What Is Plantar Fasciitis?
Heel pain is often the result of straining your plantar fasciitis, a common injury affecting runners and walkers. But it’s not just those c
Heel pain is often the result of plantar fasciitis, inflammation of the ligament connecting your heel to the front of your foot.
Plantar fasciitis is common amongst runners and walkers, but it’s not just those clocking up lots of kms who are most likely to develop this condition. It can affect anyone, but especially people who stand on their feet for prolonged periods, such as nurses, shop assistants and servers.
Heel pain is so common that almost everyone has experienced it at some point or knows someone with plantar fasciitis. Thankfully with a little know-how, it can be avoidable.
Read on to learn more about plantar fasciitis: what it is, symptoms, causes and treatment.
What is plantar fasciitis?
Plantar fasciitis is inflammation of the plantar fascia, which is a connective tissue that extends from the ligament in your heel bone, along the sole of your foot. The plantar is designed to support your arch, so overstraining it – whether by strenuous exercise, lack of rest, or wearing shoes without support – can cause inflammation, a tear or break down. This results in heel pain.
Plantar fasciitis is one of the most common causes of heel pain. Although it can affect people of any age, it’s more common in middle-aged and older people. A study found that almost 10% of the population in people aged over 50 suffer from plantar-related heel pain.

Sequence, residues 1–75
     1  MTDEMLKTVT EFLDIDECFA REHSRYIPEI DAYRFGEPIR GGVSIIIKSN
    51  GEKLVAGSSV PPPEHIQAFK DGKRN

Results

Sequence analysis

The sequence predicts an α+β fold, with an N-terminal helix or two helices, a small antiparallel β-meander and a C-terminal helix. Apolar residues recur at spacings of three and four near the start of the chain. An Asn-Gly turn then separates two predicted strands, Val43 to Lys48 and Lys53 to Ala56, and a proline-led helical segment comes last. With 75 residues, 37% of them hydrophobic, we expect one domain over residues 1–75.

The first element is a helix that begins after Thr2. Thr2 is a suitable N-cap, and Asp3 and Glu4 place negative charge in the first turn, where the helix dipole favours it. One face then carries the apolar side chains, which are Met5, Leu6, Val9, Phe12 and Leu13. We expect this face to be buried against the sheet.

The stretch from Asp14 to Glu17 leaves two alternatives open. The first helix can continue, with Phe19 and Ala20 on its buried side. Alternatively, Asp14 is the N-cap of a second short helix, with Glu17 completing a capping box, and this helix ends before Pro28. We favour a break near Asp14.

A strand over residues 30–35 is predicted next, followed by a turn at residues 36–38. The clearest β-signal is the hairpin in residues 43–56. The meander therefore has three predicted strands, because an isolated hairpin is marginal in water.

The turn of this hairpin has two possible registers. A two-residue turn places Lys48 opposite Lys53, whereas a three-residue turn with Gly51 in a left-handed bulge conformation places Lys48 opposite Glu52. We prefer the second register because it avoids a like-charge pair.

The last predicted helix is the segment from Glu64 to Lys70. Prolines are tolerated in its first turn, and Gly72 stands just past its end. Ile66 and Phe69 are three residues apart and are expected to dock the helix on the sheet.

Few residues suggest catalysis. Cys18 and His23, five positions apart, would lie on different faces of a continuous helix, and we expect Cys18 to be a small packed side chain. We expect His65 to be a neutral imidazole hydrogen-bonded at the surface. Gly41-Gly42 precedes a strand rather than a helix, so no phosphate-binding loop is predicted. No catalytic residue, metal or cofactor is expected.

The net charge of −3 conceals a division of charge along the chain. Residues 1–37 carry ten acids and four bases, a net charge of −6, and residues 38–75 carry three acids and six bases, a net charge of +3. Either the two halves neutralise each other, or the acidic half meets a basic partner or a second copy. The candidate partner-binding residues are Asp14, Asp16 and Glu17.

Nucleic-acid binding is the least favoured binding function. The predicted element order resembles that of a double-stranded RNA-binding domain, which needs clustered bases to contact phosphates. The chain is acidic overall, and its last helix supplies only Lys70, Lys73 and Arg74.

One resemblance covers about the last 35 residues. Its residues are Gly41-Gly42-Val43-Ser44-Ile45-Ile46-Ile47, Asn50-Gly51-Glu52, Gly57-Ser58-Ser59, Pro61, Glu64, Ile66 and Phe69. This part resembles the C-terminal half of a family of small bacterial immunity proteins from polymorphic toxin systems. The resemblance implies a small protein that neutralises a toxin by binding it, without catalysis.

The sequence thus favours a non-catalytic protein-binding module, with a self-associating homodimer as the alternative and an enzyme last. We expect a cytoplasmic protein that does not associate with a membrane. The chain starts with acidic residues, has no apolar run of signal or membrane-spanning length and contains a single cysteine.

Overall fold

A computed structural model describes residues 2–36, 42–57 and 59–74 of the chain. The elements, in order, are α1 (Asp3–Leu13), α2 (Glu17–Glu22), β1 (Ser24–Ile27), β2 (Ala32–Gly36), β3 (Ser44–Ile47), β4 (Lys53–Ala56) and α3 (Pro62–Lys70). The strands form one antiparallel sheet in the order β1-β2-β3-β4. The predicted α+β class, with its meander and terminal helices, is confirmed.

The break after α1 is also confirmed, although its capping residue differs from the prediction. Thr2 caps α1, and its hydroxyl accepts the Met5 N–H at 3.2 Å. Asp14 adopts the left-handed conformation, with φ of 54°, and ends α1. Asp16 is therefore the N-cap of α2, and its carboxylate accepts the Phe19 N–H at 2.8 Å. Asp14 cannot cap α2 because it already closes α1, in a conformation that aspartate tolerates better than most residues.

How can I tell if I have plantar fasciitis?
According to healthdirect, the main symptom of plantar fasciitis is pain underneath the heel. You may be suffering from plantar fasciitis if:
- You feel pain under the heel, dull or sharp
- You feel swelling in your mid-heel
- Your foot sole will ache and feel stiff after a long time without movement on your feet
You might notice the pain getting worse, or your foot heel feels more tender, in the morning (right when you take your first step), after standing or sitting down for a long period, or after (not during) intense exercise.
Plantar fasciitis causes
Plantar fasciitis is a common sports injury, with sprinters, joggers, hikers being more prone to chronic heel pain than others. But it’s not just athletes at risk: there are numerous factors that can increase your likelihood of suffering this kind of heel pain.
Some of the common causes of plantar fasciitis include:
- Your feet are flat, you have high foot arches or weak foot arch muscles
- Your footwear is not supportive enough, especially if you’re an athlete
- You are on your feet all day long
- You are overweight, or carrying more weight than normal (such as pregnancy), resulting in your feet feeling more strain and being inflamed
Plantar fasciitis treatment
The good news is there are several steps you can take to help relieve the pain of plantar fasciitis and heal your foot. Some of the most effective plantar fasciitis treatments include:
- Resting: While you’re recovering, stick to activities that are less strenuous on your heel such as swimming and yoga.
- Compression: Compression sleeves will help reduce swelling and pain in the heel and arch area, which aids in tissue repair.
- Stretching: Stretching can help improve mobility, promote blood flow and reduce pain.
- Investing in orthotic support: Insoles and arch support thongs for plantar fasciitis help cushion your step, reducing the impact on your inflamed tissue and relieving pain. Orthotics can also correct poor foot biomechanics to reduce the likelihood of plantar fasciitis returning.
If you’re looking to avoid or treat the symptoms of plantar fasciitis, our insoles, socks and arch support thongs are designed by top Australian podiatrists to support your feet in the best way possible.